Following is the statement read as part of the presentation by the Brooklyn Heights Association of an Award for Outstanding Community Service to the Tenants Association of the Riverside Buildings in Willowtown at the BHA’s 101st annual meeting Monday evening, February 28, at Plymouth Church of the Pilgrims in the Heights. William “Bill” Ringer and Jean Campbell, leaders of the Tenants Association, and attorney Frank Ciaccio, who has given it legal help along with others, were present to receive the award. Ringer and Campbell are former directors of the Willowtown Association. Ciaccio is presently a director.
Anyone who lives in a designated historic district...knows that there’s not a building within its boundaries that does not deserve the protection of historic preservation. Still, some buildings are, well, more historic than others. Not because they are older, or because someone famous lived in them, but because they have actually had an impact on the life of the city.
You could not find a better example than the Riverside Buildings on Columbia Place. This remarkable six-story apartment complex, constructed 120 years ago by Alfred T. White, a Brooklyn Heights philanthropist, was designed specifically to make life pleasant, safe and healthy for the working poor. Amazing idea! It was our great good fortune that Mr. White’s good intentions were expressed in wonderful architecture.
Because the worst aspects of turn-of-the-century tenements were their filthy, dangerous stairways and putrid air shafts, Riverside put its stairways on the outside of the building–graceful iron stairways, strong yet elegant. Instead of dark, airless air shafts, Riverside was built around a vast park-like courtyard. There was light. There was fresh air. There was space.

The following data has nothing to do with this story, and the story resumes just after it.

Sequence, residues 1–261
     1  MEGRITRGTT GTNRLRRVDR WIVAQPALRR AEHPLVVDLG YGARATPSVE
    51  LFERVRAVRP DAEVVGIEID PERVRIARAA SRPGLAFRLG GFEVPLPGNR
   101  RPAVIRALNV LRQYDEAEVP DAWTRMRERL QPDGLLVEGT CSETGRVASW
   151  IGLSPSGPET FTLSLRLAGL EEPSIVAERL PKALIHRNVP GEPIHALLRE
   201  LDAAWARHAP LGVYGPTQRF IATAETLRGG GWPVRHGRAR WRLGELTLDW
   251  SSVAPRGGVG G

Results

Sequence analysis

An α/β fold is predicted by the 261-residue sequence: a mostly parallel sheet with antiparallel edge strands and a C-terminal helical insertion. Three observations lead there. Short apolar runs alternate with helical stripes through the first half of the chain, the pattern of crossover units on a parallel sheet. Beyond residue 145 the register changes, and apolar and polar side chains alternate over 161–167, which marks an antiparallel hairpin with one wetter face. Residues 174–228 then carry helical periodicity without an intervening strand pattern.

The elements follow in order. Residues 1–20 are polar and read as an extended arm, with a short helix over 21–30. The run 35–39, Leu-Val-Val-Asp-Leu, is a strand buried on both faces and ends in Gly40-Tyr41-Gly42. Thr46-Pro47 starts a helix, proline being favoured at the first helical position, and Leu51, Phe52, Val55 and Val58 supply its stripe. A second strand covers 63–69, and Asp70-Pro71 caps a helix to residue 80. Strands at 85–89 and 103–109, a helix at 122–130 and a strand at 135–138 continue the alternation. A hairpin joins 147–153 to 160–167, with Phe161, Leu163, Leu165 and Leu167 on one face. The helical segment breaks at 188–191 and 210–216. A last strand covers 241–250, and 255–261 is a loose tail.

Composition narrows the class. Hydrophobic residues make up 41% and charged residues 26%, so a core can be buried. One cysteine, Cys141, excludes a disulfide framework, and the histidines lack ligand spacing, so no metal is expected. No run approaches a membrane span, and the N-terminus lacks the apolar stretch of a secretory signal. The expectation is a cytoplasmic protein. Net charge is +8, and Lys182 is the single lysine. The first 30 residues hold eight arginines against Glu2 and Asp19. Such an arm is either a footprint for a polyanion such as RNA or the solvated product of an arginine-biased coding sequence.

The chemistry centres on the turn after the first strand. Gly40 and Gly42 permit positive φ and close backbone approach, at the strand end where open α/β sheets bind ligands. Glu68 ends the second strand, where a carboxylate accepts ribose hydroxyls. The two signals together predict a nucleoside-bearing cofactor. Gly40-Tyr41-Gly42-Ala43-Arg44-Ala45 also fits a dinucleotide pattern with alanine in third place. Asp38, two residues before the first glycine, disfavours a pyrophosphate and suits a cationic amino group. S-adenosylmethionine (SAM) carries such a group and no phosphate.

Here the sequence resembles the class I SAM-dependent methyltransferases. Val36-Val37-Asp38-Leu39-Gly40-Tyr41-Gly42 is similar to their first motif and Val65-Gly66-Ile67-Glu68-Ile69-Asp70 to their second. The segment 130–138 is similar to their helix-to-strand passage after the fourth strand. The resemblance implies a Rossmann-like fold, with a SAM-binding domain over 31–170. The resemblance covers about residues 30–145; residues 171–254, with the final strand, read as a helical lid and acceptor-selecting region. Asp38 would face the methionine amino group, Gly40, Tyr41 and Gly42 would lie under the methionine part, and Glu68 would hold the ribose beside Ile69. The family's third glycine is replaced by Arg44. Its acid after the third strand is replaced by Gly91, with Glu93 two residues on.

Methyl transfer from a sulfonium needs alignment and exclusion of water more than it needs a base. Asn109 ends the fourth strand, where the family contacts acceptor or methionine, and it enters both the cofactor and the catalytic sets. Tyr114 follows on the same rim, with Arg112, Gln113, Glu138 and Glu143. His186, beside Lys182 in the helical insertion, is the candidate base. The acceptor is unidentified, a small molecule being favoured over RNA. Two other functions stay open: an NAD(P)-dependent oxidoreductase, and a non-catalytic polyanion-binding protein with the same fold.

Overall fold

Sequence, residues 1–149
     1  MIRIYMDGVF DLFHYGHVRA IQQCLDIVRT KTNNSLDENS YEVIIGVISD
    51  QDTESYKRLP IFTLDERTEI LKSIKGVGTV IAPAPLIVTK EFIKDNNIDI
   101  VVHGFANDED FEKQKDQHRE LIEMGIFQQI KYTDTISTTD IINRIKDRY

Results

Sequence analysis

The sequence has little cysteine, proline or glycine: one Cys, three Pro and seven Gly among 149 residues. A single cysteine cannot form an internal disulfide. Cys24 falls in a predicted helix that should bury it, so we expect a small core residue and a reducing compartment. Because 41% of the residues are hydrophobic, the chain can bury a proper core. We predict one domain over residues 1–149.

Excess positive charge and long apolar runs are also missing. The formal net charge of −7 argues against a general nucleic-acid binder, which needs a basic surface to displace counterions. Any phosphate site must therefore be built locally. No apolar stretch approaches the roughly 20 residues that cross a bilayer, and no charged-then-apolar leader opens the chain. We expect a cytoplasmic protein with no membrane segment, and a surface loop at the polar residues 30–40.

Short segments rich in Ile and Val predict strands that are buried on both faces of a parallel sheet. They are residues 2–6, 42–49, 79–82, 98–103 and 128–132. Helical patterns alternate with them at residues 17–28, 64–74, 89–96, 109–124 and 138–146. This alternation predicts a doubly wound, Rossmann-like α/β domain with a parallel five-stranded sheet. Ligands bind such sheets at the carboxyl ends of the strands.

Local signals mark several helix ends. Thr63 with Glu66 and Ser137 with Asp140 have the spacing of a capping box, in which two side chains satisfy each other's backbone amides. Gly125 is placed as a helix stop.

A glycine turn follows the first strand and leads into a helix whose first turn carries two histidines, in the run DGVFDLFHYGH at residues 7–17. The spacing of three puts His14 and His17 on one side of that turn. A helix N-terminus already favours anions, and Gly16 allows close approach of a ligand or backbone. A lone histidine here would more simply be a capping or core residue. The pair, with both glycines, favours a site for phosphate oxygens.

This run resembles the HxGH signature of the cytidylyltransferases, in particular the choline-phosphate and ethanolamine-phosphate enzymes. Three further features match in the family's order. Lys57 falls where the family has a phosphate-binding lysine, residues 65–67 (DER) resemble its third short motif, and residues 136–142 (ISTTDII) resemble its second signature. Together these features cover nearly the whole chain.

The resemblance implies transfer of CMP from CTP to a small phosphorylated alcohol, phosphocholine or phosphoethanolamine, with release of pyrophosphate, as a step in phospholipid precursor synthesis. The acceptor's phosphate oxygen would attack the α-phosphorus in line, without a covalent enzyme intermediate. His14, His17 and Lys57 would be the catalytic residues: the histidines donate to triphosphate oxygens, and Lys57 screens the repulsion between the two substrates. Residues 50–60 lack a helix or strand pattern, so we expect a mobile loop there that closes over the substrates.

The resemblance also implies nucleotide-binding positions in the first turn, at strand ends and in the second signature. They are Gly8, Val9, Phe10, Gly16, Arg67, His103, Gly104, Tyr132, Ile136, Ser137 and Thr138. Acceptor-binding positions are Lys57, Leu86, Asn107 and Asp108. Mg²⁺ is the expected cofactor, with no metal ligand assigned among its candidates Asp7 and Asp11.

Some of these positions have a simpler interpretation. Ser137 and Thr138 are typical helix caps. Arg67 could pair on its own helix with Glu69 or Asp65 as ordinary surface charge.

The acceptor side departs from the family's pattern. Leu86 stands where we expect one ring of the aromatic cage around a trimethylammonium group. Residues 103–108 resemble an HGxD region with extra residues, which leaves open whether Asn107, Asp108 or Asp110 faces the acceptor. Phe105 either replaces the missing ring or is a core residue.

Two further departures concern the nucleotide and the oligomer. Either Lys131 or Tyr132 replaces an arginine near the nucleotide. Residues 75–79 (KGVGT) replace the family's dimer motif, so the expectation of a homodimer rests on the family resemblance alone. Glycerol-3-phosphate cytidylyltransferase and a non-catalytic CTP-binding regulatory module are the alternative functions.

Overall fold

Sooner or later a remarkable achievement like Riverside was bound to be threatened. In 1950 “Moses the Hun” [Robert Moses, 1888-1981] descended on Furman Street, sword in hand. In order to create our beloved Brooklyn-Queens Expressway, he amputated the western arm of the complex. Astonishingly, the central courtyard was scarcely damaged. Now a half-century later the current owner of Riverside is trying to compete with Moses’ callousness with plans for a parking garage right in the courtyard.
That is when the Riverside tenants took up arms. With limited resources–this is, after all, a rent-controlled building–they valiantly and, so far, successfully challenged the landlord. The owner responded with significant changes, but Alfred T. White’s original intent would be gone. The 14 75-year-old trees would be gone. The protection from BQE noise and emissions would be gone. There would no longer be a park-like courtyard but a serviceable, utilitarian space.
You need stamina, conviction and a good pro bono lawyer to take on a challenge like this. Consider what the Riverside tenants had to go through to get what they rightfully demanded. Warning: do not try to decipher what follows.
First, they had to fight the landlord’s ACM with the RA, then the PAR with the DHCR’s DC, and after that there was RFR at the DHCR. Not to mention the LPC hearing and appeal, side by with the BHA. Even with the pro bono legal help of Heights [and Willowtown] resident Frank Ciaccio, an army of lawyers and preservation and housing advocates, it was the Riverside tenants who supplied the courage and tenacity that are carrying the day. Although the final decision has not been handed down, the Brooklyn Heights Association wants to honor these tough, principled folk right now. We are proud to have such valiant neighbors. They are proving that fresh air, trees and wide open space are worth preserving. And so is Alfred T. White’s democratic vision.